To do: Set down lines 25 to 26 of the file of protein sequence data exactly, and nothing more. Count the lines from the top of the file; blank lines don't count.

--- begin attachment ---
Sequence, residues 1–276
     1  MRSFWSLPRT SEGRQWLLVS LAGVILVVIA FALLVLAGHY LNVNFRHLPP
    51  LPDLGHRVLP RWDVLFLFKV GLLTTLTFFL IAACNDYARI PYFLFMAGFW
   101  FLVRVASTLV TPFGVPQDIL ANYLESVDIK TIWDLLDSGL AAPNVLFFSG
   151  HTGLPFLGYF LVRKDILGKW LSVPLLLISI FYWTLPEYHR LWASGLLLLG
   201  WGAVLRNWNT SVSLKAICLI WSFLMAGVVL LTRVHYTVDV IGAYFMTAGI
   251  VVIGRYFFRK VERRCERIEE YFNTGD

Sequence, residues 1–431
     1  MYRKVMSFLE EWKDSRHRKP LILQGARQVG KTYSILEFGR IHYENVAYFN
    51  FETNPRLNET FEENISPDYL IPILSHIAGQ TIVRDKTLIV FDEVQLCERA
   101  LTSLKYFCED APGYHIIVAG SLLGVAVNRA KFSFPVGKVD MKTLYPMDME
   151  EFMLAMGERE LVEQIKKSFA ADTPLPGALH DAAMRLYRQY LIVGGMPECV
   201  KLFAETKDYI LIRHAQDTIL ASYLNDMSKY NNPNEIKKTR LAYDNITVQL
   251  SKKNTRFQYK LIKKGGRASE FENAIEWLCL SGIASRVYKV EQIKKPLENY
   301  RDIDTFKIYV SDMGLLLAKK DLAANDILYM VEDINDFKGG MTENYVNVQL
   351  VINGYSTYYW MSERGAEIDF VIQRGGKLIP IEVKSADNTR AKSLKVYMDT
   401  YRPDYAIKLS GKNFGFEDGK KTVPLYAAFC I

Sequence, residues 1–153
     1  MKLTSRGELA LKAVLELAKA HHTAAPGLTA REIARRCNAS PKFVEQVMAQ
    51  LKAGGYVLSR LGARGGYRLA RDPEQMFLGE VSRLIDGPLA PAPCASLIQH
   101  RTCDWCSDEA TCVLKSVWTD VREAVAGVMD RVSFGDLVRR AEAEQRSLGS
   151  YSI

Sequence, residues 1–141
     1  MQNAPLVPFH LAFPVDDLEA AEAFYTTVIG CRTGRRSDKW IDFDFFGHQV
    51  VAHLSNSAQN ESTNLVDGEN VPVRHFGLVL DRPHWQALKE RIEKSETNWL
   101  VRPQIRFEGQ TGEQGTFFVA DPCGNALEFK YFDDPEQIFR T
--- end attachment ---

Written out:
    51  VAHLSNSAQN ESTNLVDGEN VPVRHFGLVL DRPHWQALKE RIEKSETNWL
   101  VRPQIRFEGQ TGEQGTFFVA DPCGNALEFK YFDDPEQIFR T